Two of the 17 US and Canadian missionaries taken hostage last month in Haiti have been set free, the country's national police confirmed on Sunday.
Haitian officials said a gang that snatched them after a visit to an orphanage had demanded a $1 million (€885, 815) ransom per person in return for their release.
The freed hostages "are safe, in good spirits and being cared for" said the Ohio-based Christian Aid Ministries group which arranged the trip.
What do we know so far?
The 400 Mawozo gang, as they are known, kidnapped one Canadian US and 16 missionaries on October 16, bringing the matter to the attention of the US authorities.
The armed bandits surpised the group, which included an 8-month-old baby, in the neighborhood of Croix-des-Bouquets they dominate, 8 miles (13 kilometers) outside the Haitian capital Port-au-Prince.
A Haitian man who identified himself as the leader of the gang said in a Youtube video posted last month that he would kill "these Americans" if the ransoms were not paid.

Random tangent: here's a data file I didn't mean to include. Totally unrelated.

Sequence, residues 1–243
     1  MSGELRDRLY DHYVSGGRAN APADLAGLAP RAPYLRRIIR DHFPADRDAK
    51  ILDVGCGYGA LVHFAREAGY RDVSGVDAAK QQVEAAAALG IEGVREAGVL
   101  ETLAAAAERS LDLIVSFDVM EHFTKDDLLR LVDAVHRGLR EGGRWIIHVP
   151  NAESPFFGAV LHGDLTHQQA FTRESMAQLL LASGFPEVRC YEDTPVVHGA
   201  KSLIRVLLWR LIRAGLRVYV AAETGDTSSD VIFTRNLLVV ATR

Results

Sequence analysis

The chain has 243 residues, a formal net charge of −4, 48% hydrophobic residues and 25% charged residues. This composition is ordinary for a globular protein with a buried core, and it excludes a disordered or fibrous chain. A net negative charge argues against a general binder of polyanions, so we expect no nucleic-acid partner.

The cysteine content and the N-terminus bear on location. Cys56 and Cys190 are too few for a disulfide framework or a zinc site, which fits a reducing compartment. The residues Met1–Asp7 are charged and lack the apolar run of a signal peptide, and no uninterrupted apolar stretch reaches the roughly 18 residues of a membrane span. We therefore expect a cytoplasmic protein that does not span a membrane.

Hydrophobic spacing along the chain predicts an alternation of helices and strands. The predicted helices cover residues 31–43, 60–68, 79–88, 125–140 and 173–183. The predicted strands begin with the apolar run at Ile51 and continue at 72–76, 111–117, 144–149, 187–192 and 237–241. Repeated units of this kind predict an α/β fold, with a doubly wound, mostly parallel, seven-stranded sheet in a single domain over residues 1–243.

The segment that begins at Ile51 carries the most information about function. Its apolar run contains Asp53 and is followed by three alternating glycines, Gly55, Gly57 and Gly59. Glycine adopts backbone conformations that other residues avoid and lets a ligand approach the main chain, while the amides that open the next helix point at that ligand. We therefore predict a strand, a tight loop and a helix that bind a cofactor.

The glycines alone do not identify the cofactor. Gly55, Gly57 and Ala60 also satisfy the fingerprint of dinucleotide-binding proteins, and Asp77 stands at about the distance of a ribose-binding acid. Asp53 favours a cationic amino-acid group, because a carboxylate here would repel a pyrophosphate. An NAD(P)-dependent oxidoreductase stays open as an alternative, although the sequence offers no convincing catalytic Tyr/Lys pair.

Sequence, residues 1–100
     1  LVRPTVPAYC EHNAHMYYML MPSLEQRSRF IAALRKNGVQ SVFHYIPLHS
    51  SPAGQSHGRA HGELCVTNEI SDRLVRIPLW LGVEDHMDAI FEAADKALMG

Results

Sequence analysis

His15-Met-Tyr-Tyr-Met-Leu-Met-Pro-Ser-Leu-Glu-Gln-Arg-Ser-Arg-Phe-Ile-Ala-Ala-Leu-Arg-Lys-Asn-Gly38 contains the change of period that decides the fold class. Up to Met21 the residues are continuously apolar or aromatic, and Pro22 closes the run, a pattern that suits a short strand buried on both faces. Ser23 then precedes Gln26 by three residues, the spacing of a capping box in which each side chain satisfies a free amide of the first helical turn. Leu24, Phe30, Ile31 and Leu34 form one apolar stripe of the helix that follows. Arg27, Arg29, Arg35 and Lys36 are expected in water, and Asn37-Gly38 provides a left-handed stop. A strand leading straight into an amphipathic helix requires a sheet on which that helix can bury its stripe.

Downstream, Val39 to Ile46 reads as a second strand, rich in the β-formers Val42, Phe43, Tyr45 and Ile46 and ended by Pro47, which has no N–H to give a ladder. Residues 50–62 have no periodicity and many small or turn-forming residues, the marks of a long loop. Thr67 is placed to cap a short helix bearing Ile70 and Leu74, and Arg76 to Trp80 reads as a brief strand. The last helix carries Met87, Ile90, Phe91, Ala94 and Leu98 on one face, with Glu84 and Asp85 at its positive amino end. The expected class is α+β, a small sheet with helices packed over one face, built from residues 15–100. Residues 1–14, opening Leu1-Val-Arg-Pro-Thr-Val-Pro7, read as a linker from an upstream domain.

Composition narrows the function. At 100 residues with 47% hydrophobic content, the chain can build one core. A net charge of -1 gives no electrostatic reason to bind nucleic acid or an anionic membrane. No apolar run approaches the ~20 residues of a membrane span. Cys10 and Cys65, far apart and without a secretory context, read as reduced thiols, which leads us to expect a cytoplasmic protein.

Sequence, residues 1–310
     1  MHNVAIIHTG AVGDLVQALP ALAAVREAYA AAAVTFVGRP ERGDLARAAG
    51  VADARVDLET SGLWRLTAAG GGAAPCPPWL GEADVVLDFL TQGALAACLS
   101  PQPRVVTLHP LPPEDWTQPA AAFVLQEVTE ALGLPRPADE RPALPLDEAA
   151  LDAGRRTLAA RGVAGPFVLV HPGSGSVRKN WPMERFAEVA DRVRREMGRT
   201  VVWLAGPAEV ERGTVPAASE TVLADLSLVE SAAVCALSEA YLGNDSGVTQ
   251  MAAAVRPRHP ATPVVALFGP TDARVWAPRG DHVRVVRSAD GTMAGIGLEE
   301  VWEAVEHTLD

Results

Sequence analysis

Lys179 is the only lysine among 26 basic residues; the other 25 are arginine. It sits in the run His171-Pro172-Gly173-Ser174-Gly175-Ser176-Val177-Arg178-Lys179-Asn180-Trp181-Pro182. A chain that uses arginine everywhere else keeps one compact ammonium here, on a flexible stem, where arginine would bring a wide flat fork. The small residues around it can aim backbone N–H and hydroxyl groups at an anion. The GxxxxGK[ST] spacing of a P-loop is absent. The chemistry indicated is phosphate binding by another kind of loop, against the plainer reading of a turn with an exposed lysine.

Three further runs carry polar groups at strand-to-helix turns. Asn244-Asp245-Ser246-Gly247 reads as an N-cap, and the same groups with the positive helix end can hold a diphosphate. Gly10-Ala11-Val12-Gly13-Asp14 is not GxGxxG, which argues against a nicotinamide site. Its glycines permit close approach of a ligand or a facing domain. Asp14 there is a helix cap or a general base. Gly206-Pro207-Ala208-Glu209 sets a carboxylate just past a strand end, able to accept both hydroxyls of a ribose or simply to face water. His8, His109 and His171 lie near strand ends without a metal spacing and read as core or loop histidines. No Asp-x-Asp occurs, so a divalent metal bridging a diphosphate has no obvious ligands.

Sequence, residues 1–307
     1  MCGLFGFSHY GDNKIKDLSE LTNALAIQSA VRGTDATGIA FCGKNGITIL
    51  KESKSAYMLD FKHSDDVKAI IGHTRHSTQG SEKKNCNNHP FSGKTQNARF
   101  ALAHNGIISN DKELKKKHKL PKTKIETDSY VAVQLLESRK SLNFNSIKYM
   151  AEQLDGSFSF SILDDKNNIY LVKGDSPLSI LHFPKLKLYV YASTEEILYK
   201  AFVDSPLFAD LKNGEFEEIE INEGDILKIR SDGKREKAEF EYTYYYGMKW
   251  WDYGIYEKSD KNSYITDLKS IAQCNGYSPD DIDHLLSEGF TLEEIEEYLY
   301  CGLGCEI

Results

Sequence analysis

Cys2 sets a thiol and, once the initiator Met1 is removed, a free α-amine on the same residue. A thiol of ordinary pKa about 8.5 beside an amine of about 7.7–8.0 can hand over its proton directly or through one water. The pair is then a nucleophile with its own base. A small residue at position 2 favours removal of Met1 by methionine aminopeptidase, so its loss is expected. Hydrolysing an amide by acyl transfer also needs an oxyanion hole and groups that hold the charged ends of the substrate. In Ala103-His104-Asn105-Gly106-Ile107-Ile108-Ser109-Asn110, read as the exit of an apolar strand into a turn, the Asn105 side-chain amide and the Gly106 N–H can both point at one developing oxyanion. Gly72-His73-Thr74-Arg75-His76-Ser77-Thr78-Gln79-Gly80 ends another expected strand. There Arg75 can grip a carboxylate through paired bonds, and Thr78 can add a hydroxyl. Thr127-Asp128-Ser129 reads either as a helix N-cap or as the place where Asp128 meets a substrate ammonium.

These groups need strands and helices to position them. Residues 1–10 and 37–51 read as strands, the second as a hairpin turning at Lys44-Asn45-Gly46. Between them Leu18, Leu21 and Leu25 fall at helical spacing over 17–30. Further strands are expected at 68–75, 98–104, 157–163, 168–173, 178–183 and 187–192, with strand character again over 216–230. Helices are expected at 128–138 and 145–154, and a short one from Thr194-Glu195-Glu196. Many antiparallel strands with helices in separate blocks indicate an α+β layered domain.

The kidnappers have also demanded the release from prison of one of their leaders, according to the Center for Analysis and Research in Human Rights.
"We cannot provide or confirm the names of those released, the reasons for their release, where they are from, or their current location," Christian Aid Ministries said.
"While we rejoice at this release, our hearts are with the fifteen people who are still being held," it added.
What have authorities done so far?
US officials have led efforts to bring the North Americans to safety, and in November said they had evidence the missionaries were still alive.
Since the October 16 attack, US President Joe Biden has received regular briefings of any progress made by law enforcement.
FBI agents were sent to Haiti to investigate the incident.
The 400 Mawozo gang went from being small-time thieves to become one of Haiti's most dangerous criminal groups.
In April, five priests and two nuns, including French citizens, were kidnapped in the same Croix-des-Bouquets neighborhood. They were released later that month.
The Center for Analysis and Research in Human Rights, which follows Haitian hostage scenarios, reported there have been over 800 kidnappings until October this year, with an increase of 300% since July.
It follows major political upheaval after the assassination of the country's president Jovenel Moise. The country also suffered an earthquake which left over 2,000 dead last summer.